Join the Movement
Doing Your Part to Help Solve Plastic Pollution
While our plastic circularity technology converts hard-to-recycle plastics into Infinitely Renewed Plastics™, there’s plenty more we can all do in our everyday lives to promote more sustainable practices and decrease our carbon footprints. See how you can join us in the movement to solve plastic pollution.
We Can All Do More
It’s never too late to join the movement and reverse the course of plastic pollution. We started in 2009 and never looked back. Today, we are part of the solution along with companies across the globe, and you can do the same. We envision a day when all plastics are infinitely renewed through our licensed technology or other processes that have not yet been discovered. What matters now is that the movement to a circular plastics economy is real, it’s proven, and it’s eﬀective in solving the world’s plastic pollution problem.
What Happens to Your Recycling Bin?
When you hear that less than 10% of plastics today are recycled, it can feel like putting your recycling bin on the curb won’t make a difference, but it does! By recycling, you give your discarded plastics the chance to be renewed and help that 10% continue to grow. Recycling keeps plastics out of the environment, out of landfills, and in the circular economy by giving them a chance to become new products again. In the circular economy, even “single-use” plastics become renewable.
And here’s even more good news: with the growth of plastic circularity technologies like Alterra’s, we can recycle even more types of plastic than before. That means it matters now more than ever that everyone recycles their plastic bottles, wrappers, containers, and more.
But what happens to your plastics after you put your recycling bin out on the curb or drop them off at a collection point? Check out this video to see what the process of converting your discarded plastics into a new product actually looks like.
The rules for recycling can vary from state to state, making it seem complex at times. However, we are here to simplify things for you. Here are 7 easy tips to help you stay informed and navigate recycling in your area effortlessly.
Always check with your local recycling program to learn their rules and guidelines first. What your program will and will not accept may vary, even throughout the same city. Be sure you’re recycling according to your community’s program!
Plastic grocery bags are not typically collected by curbside recycling, but many grocery stores have collection bins where you can bring back your used bags for special recycling.
Screw bottle caps back onto your plastic bottles before recycling. Make sure they’re secure so they don’t get lost on the way to the recycling facility or in spaces in recycling equipment.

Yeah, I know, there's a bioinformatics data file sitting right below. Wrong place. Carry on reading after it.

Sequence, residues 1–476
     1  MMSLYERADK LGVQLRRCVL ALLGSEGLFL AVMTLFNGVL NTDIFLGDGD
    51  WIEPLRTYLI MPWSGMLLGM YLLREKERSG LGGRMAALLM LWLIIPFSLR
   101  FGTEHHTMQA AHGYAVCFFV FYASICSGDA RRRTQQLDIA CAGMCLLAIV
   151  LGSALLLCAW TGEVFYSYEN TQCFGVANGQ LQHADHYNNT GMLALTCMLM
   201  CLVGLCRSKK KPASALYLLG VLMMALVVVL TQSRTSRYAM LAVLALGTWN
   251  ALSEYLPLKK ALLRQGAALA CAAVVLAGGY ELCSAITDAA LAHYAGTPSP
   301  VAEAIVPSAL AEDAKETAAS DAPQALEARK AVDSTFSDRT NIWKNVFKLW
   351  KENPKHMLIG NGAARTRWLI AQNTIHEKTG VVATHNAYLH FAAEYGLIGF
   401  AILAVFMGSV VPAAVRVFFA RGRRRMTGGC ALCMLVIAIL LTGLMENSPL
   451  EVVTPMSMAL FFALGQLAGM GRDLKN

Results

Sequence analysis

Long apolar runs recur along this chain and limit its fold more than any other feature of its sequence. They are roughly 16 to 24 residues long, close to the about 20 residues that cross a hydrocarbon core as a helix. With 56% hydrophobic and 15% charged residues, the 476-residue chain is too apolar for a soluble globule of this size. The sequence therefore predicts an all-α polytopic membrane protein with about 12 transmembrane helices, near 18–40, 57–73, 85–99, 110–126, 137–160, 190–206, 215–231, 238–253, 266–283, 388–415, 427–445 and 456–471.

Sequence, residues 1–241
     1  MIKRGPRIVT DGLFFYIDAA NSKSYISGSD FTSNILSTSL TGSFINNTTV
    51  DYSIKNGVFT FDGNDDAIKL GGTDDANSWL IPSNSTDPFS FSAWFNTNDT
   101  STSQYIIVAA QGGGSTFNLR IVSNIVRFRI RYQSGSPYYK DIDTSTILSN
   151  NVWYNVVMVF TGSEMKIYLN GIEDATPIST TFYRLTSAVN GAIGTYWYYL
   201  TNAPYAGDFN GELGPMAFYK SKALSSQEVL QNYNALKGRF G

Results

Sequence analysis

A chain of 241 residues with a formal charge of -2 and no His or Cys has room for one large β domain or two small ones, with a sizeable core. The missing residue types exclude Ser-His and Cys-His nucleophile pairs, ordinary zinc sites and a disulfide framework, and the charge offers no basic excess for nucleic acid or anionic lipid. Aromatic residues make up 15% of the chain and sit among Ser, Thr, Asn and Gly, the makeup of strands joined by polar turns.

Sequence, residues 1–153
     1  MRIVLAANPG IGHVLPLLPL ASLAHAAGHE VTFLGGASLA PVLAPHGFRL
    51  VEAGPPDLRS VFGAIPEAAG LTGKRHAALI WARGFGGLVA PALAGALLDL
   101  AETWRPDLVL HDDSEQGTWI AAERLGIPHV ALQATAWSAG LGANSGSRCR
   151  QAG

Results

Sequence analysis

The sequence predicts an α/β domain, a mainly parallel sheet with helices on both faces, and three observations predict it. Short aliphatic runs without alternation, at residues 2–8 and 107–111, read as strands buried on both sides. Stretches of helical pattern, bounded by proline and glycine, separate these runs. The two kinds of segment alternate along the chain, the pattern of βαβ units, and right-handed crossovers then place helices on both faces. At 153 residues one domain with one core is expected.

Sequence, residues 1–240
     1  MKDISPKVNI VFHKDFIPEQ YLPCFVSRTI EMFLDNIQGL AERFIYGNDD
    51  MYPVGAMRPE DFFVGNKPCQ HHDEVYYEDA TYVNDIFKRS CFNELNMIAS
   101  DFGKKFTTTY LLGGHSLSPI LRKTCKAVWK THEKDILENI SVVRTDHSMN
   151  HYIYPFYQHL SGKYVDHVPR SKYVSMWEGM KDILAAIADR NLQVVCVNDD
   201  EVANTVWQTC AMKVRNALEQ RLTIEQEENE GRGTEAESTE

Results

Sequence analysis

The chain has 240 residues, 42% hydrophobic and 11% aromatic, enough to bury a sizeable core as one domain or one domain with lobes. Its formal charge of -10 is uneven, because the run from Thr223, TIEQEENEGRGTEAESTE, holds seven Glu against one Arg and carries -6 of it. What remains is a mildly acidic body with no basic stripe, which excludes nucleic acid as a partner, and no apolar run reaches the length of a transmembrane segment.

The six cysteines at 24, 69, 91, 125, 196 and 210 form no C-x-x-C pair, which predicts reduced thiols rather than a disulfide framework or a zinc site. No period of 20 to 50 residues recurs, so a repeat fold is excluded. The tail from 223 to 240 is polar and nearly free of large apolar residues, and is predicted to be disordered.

Finally, when in doubt, leave it out. Unfortunately, the wrong kinds of plastic or items that cannot be recycled can contaminate a valuable load of otherwise recyclable plastics. Check with your recycling program for next time and leave questionable items out of the bin.
Find Recycling Resources in Your Area
The best ways to help solve plastic pollution as a consumer are to use less plastic when you can and to start recycling as much plastic as possible today. To learn about the recycling programs available in your area, their guidelines, and more, visit BeRecycled.org and enter your zip code.
Glossary of Keywords
The future of plastics recycling is easier to understand when you know the important terms. We’ve put together this glossary to help you learn the meanings of these key words.
Plastic circularity technology refers to several different technologies that convert post-use plastics into their original building blocks to create feedstocks for new plastics, fuels, waxes, and other valuable products.
An economic system based on designing the entire lifecycle of products and conserving product resources so they can be reused or recycled in a way that significantly reduces waste and pollution.
Circularity is the ability to more efficiently use plastic (or any resource) by keeping material in use for as long as possible, getting the most we can from them during use, and then recovering them to make new products.
The act of preventing waste from being disposed into landfills and incinerators by directing it instead into the recycling stream.
Any raw material that can be used to supply or fuel an industrial process or a machine.
A process by which waste materials are turned into raw materials without changing the basic structure of the material. What most people think of when they picture “traditional” recycling.
The status after an item has been used for its intended purpose. Postconsumer material may be generated by households or commercial establishments.
What about Hard-To-Recycle Plastics?
You may have heard that some plastics are harder to recycle than others. This is true — some recycling facilities can’t recycle certain types of plastics. Most recyclers will have guidelines for what types of plastics they will and won’t accept (make sure to check with your local recycling program to learn their guidelines).
In general, different types of plastics are categorized by number based on what materials they’re made of. These numbers can help you identify which plastics you can recycle.
Join The Solution
Be Part of Our Team
We have some of the brightest minds in engineering, operations, and strategy on our team. We are accelerating our partners’ sustainability capabilities using cutting edge technology that assists in achieving the global imperative of plastic reuse in order to clean the planet. That takes a multi-disciplinary team of innovators and thought leaders to tackle. If you want to be part of our rapidly growing team, please get in touch.